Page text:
When I first heard of this Study Abroad, my mind did wander to Harry Potter, Mary Poppins, The Beatles, and other iconic London stories and legends. However, none of them preoccupied my mind, excited my heart, or lit a smile across my face like Peter Pan did.
If anyone knows me well enough, and knows about my love for Peter Pan (if you know the clothing I have with Peter Pan on it, you’re one of those people), you know how excited I truly was to go to London simply because of the fact the Peter Pan was here!
I have visited Big Ben, and only barely did I contain myself then, but now I have had the extreme privilege to visit the Peter Pan statue in Hyde park in Kingston gardens where Peter Pan flew from his nursery in the 1902 tale.
Since I was a little girl, I have loved Peter Pan. I thought the only way that I would ever be a candidate for a lost boy (aside from being a boy, and a child) is by telling stories. I was determined to be just like Wendy Darling, telling stories and being overheard without knowing it.
I loved the stories that Wendy would tell and the adventures she would take her brothers on as she told them. I never understood who the true storyteller was until I was much older.
Wendy might have been the storyteller within the story, but really, it was J. M. Barrie who actually brought the story to life, and is the reason for the wonderful adventures and the incredible opportunity for children to never grow old, even if it is just in their imaginations. It is all thanks to him that I fell so deeply in love with a character who could keep me a child forever.
J.M. Barrie is not the only storyteller though when it comes to Peter Pan, there are many interpretations of the boy who never grows old. Everyone has different interpretations of Peter Pan because the media has allowed people to think of him in any way that they would like to.
One way is Peter Pan is actually the Angel of Death for children who die in their youth. No, not the creepy guy in the cloak, just a boy who leads children to heaven after they have died. It’s one of the more sad but hopeful interpretations.
There is also the more modern interpretation (be warned, spoiler-alert ahead). Thanks to Once Upon A Time, the ABC channel’s iconic twist on all fairy tales, Peter Pan is a bad guy…. Although I do like Once Upon A Time, I’m not too happy about them “villianizing” my childhood hero (or for making him a father for that matter).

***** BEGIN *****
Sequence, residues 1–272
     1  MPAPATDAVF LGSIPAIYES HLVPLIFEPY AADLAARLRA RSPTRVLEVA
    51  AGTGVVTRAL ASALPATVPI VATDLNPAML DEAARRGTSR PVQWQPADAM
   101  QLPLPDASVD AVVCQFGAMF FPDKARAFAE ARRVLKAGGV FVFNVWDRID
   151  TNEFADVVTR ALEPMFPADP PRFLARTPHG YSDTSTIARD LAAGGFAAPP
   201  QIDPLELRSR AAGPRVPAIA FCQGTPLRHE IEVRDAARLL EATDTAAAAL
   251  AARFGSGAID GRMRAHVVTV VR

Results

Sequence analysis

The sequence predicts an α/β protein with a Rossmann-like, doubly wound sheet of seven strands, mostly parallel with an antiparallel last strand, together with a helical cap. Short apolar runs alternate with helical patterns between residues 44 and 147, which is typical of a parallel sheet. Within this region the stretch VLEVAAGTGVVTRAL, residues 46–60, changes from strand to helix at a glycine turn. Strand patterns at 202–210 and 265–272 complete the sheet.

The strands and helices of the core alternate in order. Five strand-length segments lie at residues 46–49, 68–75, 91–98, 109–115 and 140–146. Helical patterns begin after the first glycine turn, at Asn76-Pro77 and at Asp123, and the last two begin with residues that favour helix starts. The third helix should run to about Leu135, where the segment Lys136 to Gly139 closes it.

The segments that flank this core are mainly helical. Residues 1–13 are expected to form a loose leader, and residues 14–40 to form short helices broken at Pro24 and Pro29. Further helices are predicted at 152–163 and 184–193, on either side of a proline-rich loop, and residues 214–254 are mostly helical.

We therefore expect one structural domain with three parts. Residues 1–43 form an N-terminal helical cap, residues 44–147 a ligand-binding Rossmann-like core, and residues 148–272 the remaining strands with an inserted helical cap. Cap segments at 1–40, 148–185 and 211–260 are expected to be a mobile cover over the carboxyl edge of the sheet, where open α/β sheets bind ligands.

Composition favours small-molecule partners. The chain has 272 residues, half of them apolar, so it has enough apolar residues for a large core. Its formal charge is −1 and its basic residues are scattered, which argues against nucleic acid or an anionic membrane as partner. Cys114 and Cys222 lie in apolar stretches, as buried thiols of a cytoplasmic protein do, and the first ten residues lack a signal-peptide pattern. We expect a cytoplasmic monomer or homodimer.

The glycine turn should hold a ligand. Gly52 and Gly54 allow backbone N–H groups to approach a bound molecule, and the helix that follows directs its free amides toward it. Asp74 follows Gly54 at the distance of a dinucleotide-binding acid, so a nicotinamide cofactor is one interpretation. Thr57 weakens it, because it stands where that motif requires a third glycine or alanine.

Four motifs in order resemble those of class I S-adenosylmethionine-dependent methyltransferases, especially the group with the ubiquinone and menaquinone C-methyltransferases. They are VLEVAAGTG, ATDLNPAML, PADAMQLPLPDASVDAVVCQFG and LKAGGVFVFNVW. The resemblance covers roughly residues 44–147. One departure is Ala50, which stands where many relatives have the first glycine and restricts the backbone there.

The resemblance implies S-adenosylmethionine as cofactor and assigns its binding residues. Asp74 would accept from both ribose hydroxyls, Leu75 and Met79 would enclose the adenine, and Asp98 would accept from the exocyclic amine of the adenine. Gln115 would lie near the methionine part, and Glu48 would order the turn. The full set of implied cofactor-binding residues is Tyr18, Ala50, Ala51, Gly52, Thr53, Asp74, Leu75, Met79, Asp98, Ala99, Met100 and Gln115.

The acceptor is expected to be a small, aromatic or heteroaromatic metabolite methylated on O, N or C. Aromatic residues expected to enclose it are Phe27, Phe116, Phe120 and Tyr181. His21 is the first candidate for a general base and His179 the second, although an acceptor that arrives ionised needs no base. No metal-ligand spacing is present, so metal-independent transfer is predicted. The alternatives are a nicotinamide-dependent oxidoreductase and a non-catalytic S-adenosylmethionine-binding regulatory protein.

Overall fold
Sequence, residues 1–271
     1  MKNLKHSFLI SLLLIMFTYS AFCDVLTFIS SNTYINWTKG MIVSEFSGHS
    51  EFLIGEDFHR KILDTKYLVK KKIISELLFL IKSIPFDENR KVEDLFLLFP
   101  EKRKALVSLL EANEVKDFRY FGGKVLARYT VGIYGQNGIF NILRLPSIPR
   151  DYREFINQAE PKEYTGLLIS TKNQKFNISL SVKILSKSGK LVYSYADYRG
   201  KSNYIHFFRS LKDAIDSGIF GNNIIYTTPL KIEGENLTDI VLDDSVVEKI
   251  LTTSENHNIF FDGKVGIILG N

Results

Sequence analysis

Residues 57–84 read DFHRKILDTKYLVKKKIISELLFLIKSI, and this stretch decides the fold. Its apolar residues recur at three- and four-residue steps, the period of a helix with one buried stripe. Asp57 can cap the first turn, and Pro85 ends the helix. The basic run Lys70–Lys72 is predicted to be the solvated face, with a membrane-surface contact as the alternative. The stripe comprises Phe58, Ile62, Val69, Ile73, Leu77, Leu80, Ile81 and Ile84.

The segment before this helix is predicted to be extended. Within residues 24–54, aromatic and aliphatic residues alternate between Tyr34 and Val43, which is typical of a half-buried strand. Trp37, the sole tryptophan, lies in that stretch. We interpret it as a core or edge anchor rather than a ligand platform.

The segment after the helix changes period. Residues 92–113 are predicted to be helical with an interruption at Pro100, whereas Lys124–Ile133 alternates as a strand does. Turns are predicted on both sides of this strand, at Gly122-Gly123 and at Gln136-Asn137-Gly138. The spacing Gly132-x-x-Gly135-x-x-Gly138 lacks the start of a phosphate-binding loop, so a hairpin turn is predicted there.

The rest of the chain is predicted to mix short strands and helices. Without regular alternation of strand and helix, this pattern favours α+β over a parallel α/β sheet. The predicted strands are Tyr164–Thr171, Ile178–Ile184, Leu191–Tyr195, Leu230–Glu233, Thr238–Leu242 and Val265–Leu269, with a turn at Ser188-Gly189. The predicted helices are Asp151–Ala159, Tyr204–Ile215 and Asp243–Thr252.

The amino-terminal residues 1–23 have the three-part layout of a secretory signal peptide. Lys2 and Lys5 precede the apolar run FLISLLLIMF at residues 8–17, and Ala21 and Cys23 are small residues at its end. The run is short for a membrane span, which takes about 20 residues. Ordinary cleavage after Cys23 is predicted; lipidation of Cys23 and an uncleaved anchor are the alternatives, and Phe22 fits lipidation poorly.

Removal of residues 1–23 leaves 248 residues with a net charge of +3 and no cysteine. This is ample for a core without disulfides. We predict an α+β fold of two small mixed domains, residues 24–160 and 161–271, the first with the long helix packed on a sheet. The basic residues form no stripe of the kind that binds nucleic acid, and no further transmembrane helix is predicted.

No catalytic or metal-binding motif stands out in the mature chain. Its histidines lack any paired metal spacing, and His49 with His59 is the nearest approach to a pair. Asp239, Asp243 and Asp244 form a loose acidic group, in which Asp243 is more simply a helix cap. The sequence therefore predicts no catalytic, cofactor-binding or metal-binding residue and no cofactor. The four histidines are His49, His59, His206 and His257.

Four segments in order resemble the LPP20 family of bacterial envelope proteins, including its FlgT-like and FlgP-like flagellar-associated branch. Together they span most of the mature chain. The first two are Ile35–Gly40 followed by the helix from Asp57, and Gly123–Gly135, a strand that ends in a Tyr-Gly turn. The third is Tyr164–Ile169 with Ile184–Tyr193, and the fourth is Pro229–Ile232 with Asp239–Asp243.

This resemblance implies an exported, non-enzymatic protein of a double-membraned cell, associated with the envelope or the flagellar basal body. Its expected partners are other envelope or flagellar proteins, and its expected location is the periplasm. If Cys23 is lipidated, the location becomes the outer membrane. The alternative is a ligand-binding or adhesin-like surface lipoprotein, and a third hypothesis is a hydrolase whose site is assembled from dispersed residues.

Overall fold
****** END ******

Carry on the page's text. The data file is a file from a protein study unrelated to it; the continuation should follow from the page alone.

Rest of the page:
Of course there is the Disney version of Peter Pan. The innocent boy only looking for adventure and fun with his group of lost boys to play with and pirates to outsmart and then finding himself a girl who can tell stories.
Then, Robin Williams became Peter Pan in the 1991 movie “Hook” where Peter was all grown up because he came back to Earth and had a family but has to return to Neverland with the help of Tink to save the island from those nasty pirates once again. This might be one of my favorite Robbin Williams movies of all time, or maybe it’s just the reason I love Robin Williams.
And all over social media, there are stories about the Peter Pan in Disneyland who finds girls who are victims of self-harm and he scolds the “rotten pirates” for the marks left on their arms. All the girls that Peter Pan has talked to have been motivated to stop harming themselves.
Because of the media, Peter Pan is an innocent boy, a hero in the 21st century, a villain in Storybrook, a grown up gone back to Neverland, and the Angel of Death.
But for me, Perter Pan will always be my childhood. He will always be one of the reasons I tell stories. He will always be the little boy I dreamed about coming to my window at night and taking me on an adventure. He will always be the reason season 3 of Once Upon a Time is my favorite (even though it’s not exactly how I wanted it to be). He will always bring a smile to my face when I think of the stories I’ve heard of him. He will always be the reason I first loved Robin WIlliams. Peter Pan will forever be the boy who never grows up.
And I’ll always keep my window open.